The Guinness World Records was the brainchild of Sir Hugh Beaver. In 1955, he published the book along with his co-founders Norris and Ross McWhirter. Today, the organization still continues to give out awards. But do you know who owns the world record for the deepest dive?
An Egyptian Special Forces officer, Ahmed Gabr, reached a depth of 1,090 ft. At 41 years old, he broke the Guinness World Records for the deepest scuba dive in the Red Sea. The previous record was at 1,044 ft.
Breaking the Deepest SCUBA Dive
On September 18, 2014, an Egyptian Army Colonel, Ahmed Gabr, took on the Guinness World Record for the deepest SCUBA dive in the Red Sea, off Dahab, Egypt. Gabr broke the 2005 world record set by Nuno Gomes, a South African diver. (Source: Guinness World Records)
Gomes set the 2005 record at 1,044 feet, also off the coast of Dahab. Gabr dove 1,090 feet, overtaking Gomes by 46 feet. For measurement, the difference between Gabr’s and Gomes’ dive is as long as a giant whale shark.
Gabr’s dive took just 12 minutes to complete and was measured by a specially tagged rope that accompanied him in the dive. A grueling fifteen-hour ascension replaced the short time to descend and beat the world record. Due to the depth Gabr reached, he had to ascend slowly to avoid any potential risks due to the different water pressure.
Gabr, a seventeen-year veteran diver and dive instructor, trained for four long years to achieve his success and submitted his intent to break the record to Guinness World Records on his third year of training.
To date, Gabr is one of only six men to ever dive past 980 feet. Gabr is also a three-time Guinness World Record: deepest SCUBA dive, deepest sea dive, and in 2015 he mobilized 614 divers for the largest underwater clean-up. (Source: TDISDI)
Gabr’s Start in Diving
When Gabr was eighteen, he performed his first-ever dive during his open water course. He admired Jacques Cousteau, the French ocean explorer and co-inventor of the Aqua Lung. Cousteau made the Red Sea famous for his underwater filming, and when Gabr tried SCUBA, he was captivated by the beauty of the sea. (Source: TDISDI)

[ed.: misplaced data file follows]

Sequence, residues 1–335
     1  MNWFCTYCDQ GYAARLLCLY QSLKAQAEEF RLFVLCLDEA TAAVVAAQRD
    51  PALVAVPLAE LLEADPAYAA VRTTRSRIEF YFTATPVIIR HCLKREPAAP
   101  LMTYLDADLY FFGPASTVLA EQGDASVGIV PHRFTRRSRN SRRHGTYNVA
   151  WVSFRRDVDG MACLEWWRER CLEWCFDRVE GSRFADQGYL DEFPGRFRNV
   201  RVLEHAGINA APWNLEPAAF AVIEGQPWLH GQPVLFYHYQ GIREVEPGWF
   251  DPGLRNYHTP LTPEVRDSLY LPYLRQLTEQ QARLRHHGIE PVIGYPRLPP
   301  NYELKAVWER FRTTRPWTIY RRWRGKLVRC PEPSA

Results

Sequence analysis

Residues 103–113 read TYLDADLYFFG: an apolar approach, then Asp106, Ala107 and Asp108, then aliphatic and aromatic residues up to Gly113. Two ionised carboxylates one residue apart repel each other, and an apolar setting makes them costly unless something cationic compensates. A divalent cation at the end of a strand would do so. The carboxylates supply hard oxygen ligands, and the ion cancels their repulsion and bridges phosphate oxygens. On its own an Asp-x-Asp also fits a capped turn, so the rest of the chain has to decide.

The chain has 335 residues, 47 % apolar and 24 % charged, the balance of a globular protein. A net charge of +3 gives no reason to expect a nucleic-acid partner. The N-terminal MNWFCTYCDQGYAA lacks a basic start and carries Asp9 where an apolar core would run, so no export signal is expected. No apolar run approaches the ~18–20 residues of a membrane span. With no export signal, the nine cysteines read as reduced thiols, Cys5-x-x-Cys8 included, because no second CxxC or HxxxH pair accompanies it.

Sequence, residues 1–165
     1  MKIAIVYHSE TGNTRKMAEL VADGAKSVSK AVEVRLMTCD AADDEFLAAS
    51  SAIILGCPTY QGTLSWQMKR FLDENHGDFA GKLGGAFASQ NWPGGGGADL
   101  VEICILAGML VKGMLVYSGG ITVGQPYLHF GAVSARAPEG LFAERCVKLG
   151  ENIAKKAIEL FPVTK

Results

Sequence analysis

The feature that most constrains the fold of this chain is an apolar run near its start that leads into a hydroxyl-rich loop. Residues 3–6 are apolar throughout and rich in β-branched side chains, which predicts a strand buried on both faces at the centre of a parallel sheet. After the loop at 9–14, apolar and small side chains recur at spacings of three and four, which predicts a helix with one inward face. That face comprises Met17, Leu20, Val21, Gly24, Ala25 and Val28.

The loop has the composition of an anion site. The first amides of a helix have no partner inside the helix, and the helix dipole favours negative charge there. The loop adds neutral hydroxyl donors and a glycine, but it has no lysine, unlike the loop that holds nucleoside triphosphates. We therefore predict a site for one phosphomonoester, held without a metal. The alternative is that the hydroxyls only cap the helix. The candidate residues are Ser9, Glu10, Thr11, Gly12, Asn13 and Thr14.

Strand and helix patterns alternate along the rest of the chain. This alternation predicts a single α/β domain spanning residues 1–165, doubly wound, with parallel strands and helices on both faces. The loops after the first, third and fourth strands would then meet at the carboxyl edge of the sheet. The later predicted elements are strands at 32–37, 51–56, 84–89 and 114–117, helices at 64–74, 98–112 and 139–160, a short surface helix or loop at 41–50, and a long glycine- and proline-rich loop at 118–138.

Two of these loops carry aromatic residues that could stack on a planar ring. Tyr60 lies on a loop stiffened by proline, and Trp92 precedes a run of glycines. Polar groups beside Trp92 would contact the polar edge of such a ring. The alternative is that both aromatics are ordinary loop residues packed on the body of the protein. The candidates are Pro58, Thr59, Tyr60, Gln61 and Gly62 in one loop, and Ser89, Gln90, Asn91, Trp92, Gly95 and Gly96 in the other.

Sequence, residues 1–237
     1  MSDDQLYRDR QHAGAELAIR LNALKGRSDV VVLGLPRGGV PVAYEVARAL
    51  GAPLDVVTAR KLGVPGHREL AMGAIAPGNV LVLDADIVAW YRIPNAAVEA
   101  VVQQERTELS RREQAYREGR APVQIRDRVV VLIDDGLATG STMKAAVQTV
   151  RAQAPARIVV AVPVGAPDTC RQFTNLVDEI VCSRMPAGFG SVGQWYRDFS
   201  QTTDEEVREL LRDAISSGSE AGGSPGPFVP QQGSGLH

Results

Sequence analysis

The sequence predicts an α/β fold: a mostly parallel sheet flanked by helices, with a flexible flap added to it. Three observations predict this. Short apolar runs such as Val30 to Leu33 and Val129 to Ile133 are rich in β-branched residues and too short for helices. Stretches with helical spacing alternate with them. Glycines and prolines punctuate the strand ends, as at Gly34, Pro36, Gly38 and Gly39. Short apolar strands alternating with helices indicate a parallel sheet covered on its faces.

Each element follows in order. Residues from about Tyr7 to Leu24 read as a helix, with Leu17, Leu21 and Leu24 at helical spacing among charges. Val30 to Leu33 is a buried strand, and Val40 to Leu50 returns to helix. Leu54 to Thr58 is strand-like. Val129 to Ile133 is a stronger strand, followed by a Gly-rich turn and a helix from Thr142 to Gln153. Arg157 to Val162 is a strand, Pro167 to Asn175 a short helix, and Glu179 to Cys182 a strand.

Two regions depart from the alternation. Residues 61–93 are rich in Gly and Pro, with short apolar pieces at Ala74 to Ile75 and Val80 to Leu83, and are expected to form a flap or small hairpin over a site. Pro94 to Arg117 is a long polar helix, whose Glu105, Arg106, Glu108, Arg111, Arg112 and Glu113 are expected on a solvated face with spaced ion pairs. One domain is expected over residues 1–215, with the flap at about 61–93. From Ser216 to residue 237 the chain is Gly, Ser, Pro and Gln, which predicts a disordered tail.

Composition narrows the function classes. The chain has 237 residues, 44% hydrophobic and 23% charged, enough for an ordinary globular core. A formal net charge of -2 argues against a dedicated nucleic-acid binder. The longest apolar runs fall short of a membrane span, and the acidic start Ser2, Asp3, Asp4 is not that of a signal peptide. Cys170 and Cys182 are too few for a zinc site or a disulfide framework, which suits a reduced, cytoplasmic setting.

Gabr learned to dive while attending a military academy and continued diving off-time, becoming a diving instructor. His dive training gave him an edge in military school as he was able to pass intense physical fitness tests. He soon graduated from the Combat Diver Qualification Course at the Special Forces Underwater Operations School in Key West, Florida.
Allegations Claiming Gabr Faked the Dive
In 2020, a small team of technical divers who worked anonymously and used Scuba Sam took much effort to review and analyze the video footage of the dive and the publicly available information. (Source: The Scuba News)
The group claimed that Gabr’s team deceived everyone into believing he broke the record but had no intention of doing so. Upon receiving this anonymous tip and review, Guinness World Records conducted a comprehensive review of the 2014 dive. The inspection took place between September 2020 and January 2021, utilizing the expertise of the British Sub-Aqua Club. Guinness also reinterviewed the three independent witness divers.
It was determined that there was no conclusive proof that the record was faked or illegitimate. The investigation highlighted an opportunity for improvements regarding its procedures, which will ensure the legitimacy and clarity of record attempts. (Source: UW 360)